[00:20:27] Here’s what podcasting can do. Is that kind of the idea?

[00:20:29] Randy: So it has become that. Originally I just did it to build relationships and that in and of itself, just having a podcast and connecting with people because everybody likes to tell their story. Right. We all tune into that station. W I F M: what’s in it for me.

[00:20:44] And I think it’s important for us to remember that. Everybody likes to talk about themselves. I don’t care who you are. And I have just used my platform and what I’ve been able to do with podcasting to project and amplify other people’s platforms. And in doing that, yes, companies have said, wow, we need to do more of this.

[00:21:03] So I’m, I am now working with companies that I originally interviewed on the, I am Northwest Arkansas podcast. Just to talk about, you know, what they’re doing and all that. And then they saw the benefits of it and they were like, man, we need to do that as well. And I think it’s just, I’ve helped people to understand that even for a company getting out and doing a podcast doesn’t mean that you have to put out a show every week.

[00:21:26] It’s not like that because I think that’s what a lot of people are afraid of. It’s like, man, do I have to put this out every week? This is a lot of work. And you and I both know it is a lot of work. But what I tell people is to think about podcasting, especially for businesses from a seasonal perspective, like a, like a, like a season of Friends or a season of Seinfeld or Curb Your Enthusiasm or whatever. You’re want to put in a couple of key, really good episodes of what I like to term timely, but evergreen content.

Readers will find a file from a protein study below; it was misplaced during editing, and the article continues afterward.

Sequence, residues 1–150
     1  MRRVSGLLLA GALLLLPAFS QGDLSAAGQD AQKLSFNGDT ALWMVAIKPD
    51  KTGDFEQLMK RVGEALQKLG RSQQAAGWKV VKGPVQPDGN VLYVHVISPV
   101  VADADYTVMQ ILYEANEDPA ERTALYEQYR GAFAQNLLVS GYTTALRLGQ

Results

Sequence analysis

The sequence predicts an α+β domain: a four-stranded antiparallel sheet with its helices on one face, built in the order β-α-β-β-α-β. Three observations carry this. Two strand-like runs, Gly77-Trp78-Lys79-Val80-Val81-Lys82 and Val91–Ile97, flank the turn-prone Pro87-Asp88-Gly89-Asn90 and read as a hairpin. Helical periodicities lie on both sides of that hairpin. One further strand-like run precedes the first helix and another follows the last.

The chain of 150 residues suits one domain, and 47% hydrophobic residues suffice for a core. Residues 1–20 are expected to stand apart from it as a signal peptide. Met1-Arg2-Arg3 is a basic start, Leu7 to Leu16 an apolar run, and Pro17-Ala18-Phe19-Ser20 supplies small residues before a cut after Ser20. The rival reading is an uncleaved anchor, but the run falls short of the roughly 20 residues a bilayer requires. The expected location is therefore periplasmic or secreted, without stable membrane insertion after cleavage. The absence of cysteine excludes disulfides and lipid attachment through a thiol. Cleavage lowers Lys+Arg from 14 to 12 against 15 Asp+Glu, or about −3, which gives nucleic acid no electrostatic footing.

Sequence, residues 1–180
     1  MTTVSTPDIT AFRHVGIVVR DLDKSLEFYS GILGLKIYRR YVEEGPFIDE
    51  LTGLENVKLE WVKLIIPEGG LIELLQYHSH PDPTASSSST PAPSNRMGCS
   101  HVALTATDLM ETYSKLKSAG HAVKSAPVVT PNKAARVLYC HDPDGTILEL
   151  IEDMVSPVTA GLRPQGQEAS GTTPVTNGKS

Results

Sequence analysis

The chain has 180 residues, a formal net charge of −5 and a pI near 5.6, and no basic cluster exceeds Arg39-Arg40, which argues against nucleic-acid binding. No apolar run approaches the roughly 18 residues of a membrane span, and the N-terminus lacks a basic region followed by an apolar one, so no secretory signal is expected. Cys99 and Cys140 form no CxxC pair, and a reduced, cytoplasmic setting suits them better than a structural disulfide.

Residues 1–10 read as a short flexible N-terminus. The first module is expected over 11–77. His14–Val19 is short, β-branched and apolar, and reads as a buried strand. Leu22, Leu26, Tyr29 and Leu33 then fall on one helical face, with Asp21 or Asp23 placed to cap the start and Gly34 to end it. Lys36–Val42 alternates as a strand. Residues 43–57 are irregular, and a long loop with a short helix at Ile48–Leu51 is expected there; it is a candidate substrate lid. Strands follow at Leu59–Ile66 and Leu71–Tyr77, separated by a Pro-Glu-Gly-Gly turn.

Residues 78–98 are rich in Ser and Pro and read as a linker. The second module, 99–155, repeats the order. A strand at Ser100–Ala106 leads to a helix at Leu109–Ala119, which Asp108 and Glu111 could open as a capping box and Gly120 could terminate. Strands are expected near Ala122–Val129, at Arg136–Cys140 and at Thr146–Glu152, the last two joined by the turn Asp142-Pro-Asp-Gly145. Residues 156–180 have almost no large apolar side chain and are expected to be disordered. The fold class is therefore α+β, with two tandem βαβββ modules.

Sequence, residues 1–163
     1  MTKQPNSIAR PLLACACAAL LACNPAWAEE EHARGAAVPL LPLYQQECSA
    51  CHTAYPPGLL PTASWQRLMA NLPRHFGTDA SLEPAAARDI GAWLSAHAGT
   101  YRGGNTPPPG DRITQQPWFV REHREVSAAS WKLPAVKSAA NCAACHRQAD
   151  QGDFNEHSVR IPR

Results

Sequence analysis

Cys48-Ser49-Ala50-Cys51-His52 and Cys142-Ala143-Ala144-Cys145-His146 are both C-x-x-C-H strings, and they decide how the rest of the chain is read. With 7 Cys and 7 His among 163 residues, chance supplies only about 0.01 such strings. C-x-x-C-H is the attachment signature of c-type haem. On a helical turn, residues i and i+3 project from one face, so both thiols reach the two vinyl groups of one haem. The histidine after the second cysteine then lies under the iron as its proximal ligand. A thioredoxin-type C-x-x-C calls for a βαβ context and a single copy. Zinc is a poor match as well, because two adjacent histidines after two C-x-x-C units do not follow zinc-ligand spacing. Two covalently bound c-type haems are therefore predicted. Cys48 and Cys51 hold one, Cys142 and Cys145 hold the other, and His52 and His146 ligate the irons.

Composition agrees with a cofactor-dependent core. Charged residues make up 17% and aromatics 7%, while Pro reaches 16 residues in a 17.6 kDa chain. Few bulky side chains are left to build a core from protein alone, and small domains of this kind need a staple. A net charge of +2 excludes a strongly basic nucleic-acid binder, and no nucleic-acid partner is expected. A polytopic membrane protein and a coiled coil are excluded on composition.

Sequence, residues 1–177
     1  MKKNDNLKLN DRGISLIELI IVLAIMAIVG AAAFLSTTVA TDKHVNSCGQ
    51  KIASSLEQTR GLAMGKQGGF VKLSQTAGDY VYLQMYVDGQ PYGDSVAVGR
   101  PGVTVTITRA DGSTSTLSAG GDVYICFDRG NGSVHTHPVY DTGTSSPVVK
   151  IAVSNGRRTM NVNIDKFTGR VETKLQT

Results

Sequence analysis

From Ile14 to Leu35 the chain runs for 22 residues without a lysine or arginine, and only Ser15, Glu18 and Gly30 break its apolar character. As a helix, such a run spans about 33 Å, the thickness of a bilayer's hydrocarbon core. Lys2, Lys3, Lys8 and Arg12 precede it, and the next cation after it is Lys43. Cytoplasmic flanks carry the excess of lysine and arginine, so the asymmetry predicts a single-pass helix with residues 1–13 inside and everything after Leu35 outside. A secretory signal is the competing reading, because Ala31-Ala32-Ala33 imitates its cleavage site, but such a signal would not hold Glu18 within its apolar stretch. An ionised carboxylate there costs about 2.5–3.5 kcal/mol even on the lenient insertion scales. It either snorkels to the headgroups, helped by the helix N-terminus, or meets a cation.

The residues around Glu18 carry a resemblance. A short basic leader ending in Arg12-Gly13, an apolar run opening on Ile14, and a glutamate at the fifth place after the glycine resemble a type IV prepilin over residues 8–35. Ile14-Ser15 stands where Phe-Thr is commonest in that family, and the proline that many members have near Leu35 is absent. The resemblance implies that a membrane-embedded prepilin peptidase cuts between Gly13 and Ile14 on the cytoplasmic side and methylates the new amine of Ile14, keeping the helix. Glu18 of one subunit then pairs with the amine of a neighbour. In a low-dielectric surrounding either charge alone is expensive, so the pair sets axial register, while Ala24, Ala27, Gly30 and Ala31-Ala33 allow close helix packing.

[00:21:53] And then you’re off to the races.

[00:21:56] Rock: I think that’s great feedback. Cause I definitely can relate to feeling that type of pressure of having to release all new content all the time or whatever our cadence is. And I know that’s shared amongst, uh, other podcasters as well. So I think that’s a very good advice, especially for playing the long game and the benefits of podcasting and my beliefs are truly realized for the longterm.

[00:22:16] But I want to get back to what got you started with the I Am Northwest Arkansas podcast, because you said that this is the show that you wanted when you first came to the area, what was missing? Like where were you looking for that you couldn’t find? What was the goal with the show?